There’s a run that happens at the end of March. Sign your donor cards, donate blood. When you renew your license or healthcard, you can go there. [For more information on how to become an organ donor, click here.You can go to your local hospital or clinic and let them know. Donate blood anywhere, at a Red Cross, or donor clinics all over the city. Just give back, bring awareness even. Just saying, ‘Hey, do you know you can donate an organ? Do you know you can save someone’s life while you’re alive?’ You won’t die, you’ll live a perfectly normal life, not just with a kidney, with anything. There’s hundreds of thousands of people who need different organs, a piece of a liver can save someone’s life. You don’t need a whole liver, and it grows back. Sign your donor card, donate blood, wear a green ribbon. Put it as your status for the month, bring that awareness. Go to your local dialysis unit at your local hospital and say, ‘hey, is there anything you guys need? Can I help?’ People spend hours on dialysis and have nothing sometimes, no visitors, no friends, no family. Take some magazines in. Be aware and take care of your kidneys! Drink lots of fluid, don’t eat too much salt, keep healthy! If it’s you in that situation, it’s really difficult. If you want to help someone, help yourself as well.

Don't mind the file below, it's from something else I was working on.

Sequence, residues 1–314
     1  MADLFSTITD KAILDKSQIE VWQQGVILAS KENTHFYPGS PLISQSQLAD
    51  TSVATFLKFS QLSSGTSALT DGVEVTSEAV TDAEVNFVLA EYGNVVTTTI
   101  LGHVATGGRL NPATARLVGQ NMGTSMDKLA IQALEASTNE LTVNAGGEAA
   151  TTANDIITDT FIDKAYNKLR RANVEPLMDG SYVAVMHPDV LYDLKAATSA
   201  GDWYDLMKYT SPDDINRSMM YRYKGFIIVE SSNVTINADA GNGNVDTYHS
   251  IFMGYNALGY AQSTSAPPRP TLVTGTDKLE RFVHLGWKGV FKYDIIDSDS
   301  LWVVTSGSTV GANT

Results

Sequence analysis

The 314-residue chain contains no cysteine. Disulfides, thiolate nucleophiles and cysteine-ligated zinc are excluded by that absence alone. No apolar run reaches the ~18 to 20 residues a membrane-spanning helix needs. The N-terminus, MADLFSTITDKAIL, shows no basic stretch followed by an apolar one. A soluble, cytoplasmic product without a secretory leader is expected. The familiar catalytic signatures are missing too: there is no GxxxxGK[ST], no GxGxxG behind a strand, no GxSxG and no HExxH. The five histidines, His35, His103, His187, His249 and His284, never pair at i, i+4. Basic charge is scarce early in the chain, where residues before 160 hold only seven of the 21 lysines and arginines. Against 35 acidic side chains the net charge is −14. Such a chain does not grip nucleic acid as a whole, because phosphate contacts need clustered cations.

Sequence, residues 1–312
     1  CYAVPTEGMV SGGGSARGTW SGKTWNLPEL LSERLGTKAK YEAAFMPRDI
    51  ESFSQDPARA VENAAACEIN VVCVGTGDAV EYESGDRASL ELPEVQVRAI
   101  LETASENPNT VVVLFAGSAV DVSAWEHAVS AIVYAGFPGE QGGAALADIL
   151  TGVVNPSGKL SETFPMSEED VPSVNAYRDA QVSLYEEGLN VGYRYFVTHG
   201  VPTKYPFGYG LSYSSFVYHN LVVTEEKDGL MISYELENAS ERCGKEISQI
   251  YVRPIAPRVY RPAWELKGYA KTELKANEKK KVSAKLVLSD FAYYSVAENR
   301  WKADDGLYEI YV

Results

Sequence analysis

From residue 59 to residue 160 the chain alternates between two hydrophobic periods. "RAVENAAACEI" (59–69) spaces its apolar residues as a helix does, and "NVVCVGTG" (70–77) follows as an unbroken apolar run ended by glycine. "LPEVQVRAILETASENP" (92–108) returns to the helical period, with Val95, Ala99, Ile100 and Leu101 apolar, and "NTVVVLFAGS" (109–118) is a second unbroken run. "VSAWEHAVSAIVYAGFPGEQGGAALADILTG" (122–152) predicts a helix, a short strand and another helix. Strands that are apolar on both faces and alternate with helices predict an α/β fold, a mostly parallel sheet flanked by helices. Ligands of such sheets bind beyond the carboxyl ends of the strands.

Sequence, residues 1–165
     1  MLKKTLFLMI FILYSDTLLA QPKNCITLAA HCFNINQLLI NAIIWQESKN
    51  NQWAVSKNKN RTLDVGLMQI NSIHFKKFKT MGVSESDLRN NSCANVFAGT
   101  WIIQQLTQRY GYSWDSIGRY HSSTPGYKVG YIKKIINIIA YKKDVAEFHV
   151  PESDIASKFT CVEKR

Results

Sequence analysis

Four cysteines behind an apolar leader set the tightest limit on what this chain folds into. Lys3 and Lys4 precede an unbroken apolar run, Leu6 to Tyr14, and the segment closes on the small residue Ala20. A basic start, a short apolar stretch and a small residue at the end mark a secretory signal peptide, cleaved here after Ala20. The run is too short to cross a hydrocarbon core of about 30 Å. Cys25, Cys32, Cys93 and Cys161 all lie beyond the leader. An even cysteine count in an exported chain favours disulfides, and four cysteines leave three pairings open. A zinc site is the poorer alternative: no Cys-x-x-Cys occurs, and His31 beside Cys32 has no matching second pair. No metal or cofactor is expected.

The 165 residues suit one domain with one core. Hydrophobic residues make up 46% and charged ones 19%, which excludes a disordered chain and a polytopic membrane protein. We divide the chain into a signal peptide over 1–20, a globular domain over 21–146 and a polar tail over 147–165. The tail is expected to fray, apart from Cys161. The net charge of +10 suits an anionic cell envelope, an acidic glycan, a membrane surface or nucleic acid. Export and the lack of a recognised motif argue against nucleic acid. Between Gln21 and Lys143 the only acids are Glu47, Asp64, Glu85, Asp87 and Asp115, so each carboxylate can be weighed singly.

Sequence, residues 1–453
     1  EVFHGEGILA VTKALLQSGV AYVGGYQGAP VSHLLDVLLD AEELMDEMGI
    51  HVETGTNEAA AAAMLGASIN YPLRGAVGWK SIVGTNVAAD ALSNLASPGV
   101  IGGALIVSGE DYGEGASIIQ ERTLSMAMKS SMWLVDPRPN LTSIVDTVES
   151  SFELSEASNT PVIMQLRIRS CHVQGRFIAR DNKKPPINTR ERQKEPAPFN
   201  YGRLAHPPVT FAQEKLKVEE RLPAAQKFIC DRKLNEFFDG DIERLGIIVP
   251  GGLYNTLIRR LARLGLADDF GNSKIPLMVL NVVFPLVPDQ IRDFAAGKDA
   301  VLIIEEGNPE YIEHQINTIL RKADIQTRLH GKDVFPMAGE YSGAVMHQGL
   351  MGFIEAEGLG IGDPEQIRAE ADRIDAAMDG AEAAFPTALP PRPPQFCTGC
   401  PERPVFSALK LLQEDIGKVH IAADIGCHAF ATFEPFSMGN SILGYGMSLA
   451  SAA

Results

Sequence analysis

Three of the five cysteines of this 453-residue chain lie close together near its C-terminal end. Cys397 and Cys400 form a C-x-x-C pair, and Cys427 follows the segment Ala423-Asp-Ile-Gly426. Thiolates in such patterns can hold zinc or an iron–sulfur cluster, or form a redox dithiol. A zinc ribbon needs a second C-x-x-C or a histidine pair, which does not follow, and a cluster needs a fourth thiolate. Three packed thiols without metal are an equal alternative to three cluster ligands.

What are some of the lessons you’ve learned from your experiences?
You’re not alone. Don’t think you’re alone, and don’t give up. There is always going to be an option. There’s always going to be a better option out there. Your time will come for your transplant. It may be a few years wait but it’s worth it, it’s worth the wait. Having any kind of organ transplant, it’s worth the wait. It’s hard, but don’t give up. Every struggle you have will make you a better person, and there’s thousands of people out there who are living through that, so don’t feel alone. Just like cancer patients, you have to unite. Don’t be ashamed of it, don’t be ashamed that you’re sick, be proud that you’re a survivor. Be proud that you’re still alive. If you need help, ask for it.
I’m Catholic, and faith for me has been a huge thing. But for anyone, you could be Buddhist, you could be Catholic, Christian, Jewish, anything, if you believe something is right, do it. Be proud and do it and trust your instincts. That’s one of the biggest things. The other thing would be, never forget the people you meet. I have been touched and blessed and inspired by so many people along my path, be it the child that I met at Sick Kids who broke their leg, or an adult who has been on dialysis eighteen years. These are people who understand better than anything else what you’re going through, and you’re not alone in anything. Never compare your illness to anyone else, because I’ve never broken a bone, but I hear that’s painful. Dialysis is not painful. There’s a world out there that people don’t know, and it’s the medical world, and people are living through really hard things. Just be aware. Know that you’re not alone if you’re in that situation, or know that there are people out there that need help if you’re on the other side of it.